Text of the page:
Online instruction is, unfortunately, well suited to the “black-box” approach to evaluation, which measures input and output but ignores what goes on in a classroom. Input includes class size and any preclass selection process, such as prerequisites. Output includes attrition, grades, and student complaints or feedback forms. Table 4 illustrates the predominance of the black-box approach.

Table 4. Evaluation of Online Teaching
Evaluation Type Full-time (n=49) Part-Time (n=82)
I am not evaluated 2 3
Students fill out a feedback form (for 48 respondents, this was the only form of evaluation) 37 62
My supervisor spot-checks the course and reviews student evaluations 9 23
The course is evaluated only when there is a problem n/a 11
Individual instructors and courses, including student feedback, are reviewed and evaluated by administration 16 11
Faculty meet together and evaluate courses and instructors 5 0

Black-box evaluations are not good measures of what goes on in a class. When the only measure is student evaluations, the instructor has an incentive to pander to students. A visit to a website by a tech administrator produces an evaluation of the website but not the teacher.

When we asked what happens when a student makes a complaint, only one person responded, “I am not rehired.” The rest of the responses, from both part- and full-time faculty members, were “nothing” or “my supervisor talks it over with me and we resolve it in a positive way” or “my supervisor backs me up.”

Pay per class for part-time faculty members, illustrated in table 5, varies more by institutional sector than by status. Those at public state universities made the most, with the majority receiving between $3,000 and $5,000 per class. Pay at for-profits was the worst, with pay at community colleges and private nonprofits almost equally bad.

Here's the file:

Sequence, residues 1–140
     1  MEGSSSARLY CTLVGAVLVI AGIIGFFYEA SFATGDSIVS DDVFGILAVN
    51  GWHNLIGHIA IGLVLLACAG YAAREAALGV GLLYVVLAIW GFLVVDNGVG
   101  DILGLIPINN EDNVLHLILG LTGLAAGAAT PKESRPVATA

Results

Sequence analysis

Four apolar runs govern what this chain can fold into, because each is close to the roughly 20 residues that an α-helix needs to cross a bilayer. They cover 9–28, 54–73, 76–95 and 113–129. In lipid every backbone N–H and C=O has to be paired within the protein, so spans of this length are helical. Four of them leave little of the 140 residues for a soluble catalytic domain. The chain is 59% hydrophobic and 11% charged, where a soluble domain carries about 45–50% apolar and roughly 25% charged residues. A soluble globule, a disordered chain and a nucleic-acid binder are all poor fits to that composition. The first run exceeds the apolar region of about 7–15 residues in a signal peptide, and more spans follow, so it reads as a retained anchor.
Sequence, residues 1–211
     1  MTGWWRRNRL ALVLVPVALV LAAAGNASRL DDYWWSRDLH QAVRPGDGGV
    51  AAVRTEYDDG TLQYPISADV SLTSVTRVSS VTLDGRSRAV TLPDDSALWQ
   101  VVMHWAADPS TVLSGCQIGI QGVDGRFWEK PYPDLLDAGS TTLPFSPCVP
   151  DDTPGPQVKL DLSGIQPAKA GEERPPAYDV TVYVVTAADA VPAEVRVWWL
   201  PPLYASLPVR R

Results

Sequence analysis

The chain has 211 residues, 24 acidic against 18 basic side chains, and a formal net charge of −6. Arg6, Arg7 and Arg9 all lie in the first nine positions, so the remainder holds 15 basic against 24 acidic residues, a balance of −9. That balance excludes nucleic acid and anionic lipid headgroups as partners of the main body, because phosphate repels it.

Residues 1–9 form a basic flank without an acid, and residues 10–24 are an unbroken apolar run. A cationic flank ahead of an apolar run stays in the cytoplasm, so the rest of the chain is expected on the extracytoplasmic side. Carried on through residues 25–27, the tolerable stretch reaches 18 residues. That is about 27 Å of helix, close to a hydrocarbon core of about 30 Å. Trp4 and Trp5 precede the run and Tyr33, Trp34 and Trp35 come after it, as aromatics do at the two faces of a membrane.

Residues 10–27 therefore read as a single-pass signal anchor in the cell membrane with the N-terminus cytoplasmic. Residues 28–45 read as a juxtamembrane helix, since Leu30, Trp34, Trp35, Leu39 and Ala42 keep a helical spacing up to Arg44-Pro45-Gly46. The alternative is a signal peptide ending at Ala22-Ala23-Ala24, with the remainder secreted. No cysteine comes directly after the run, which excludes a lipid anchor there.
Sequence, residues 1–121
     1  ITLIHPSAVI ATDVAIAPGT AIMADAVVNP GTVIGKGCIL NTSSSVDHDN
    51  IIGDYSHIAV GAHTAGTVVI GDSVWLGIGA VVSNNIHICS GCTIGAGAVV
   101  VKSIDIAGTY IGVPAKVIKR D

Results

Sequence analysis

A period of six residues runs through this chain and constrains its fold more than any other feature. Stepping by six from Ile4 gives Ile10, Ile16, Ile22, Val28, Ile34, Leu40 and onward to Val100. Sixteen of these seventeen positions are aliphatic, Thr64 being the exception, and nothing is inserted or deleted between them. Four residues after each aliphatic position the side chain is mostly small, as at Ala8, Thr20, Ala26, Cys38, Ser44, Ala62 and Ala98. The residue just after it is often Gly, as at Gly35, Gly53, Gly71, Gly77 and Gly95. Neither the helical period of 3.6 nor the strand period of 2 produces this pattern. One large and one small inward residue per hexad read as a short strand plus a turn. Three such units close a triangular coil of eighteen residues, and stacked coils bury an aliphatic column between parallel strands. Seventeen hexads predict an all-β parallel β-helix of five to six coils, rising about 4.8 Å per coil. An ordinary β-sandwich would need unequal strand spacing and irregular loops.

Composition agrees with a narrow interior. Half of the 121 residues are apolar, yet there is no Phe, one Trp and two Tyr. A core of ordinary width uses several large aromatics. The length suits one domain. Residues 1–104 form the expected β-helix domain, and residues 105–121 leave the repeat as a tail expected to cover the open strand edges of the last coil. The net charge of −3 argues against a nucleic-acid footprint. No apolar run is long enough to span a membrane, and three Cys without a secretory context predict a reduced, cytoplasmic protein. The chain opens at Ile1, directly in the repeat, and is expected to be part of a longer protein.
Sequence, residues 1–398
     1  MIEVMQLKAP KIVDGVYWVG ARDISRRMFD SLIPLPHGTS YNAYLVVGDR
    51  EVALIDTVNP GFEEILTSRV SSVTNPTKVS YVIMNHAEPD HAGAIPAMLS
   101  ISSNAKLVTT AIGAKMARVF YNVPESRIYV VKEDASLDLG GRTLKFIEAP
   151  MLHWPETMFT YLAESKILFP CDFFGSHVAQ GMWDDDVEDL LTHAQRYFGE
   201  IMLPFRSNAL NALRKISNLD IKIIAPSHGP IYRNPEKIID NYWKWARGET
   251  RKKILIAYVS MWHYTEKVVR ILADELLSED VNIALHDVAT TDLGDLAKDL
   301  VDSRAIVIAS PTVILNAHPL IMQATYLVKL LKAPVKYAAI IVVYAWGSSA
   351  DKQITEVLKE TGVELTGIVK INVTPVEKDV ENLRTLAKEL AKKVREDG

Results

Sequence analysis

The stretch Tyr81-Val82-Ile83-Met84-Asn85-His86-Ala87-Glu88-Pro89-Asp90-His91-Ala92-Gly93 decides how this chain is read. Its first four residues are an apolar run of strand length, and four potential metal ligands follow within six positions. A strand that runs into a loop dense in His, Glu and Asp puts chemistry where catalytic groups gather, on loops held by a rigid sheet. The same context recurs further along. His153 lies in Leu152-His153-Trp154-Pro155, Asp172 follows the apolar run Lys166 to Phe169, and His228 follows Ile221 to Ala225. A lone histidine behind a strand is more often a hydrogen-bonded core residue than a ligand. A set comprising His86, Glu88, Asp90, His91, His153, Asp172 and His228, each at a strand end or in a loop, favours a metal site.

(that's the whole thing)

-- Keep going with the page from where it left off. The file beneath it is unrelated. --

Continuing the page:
Access to health insurance, contributions to retirement, vacation accrual, holiday pay, and paid sick days were rarely provided to part-time faculty members. Some received a contribution toward retirement.

Some costs associated with teaching online are not incurred in face-to-face teaching. There are the costs of access to the Internet, keeping software updated, and purchasing and maintaining a computer as well as basic overhead expenses. Since maintaining a computer and Internet service, and having a room or at least a desk to serve as a home office, are essential, not making enough to cover these costs, or the cost of replacing a crashed computer, can be devastating.

Table 5. Pay per Course
Sector Pay for teaching (part time) per three-credit class
Community colleges (n=22) 3 made $4,000–$5,000
2 made $3,000–$3,999
9 made $2,000–$2,999
6 made less than $2,000
2 did not respond
Public state universities (n=54) 1 made $8,000
18 made $4,000–$5,000
17 made $3,000–$3,999
9 made $2,000–$2,999
9 made less than $2,000
Private nonprofit colleges and universities (n=16; some people responded for more than one class at different institutions) 1 made $6,800
1 made $5,500
8 made $2,000–$3,000
6 made less than $2,000
Private for-profits (n=18) 12 made $2,000–$3,000
6 made less than $2,000

Working Conditions

The typical class size for our respondents, regardless of sector, was twenty to forty. One or two people taught classes of fifty to one hundred students. This survey did not reach anyone who was teaching a MOOC. Although faculty members who teach composition or other writing-intensive courses online complained about classes with more than twenty students, class size was generally not identified as a problem. The critical workload issue was hours per day per class for faculty members teaching more than one or two classes at a time. Although responses ranged from one hour per day to six hours per day per class, the bell curves in all sectors centered around two hours per day per class, including weekends.

The revenue-driven business model is the overarching problem that is driving down pay, reducing faculty control of the art of teaching, and breaking full-time positions into multiple part-time jobs. Under this model, students are enrolled without adequate preparation, loan programs are aggressively marketed, and labor costs are suppressed. Faculty members often blame whatever comes to hand: students, individual employers, or the technology itself.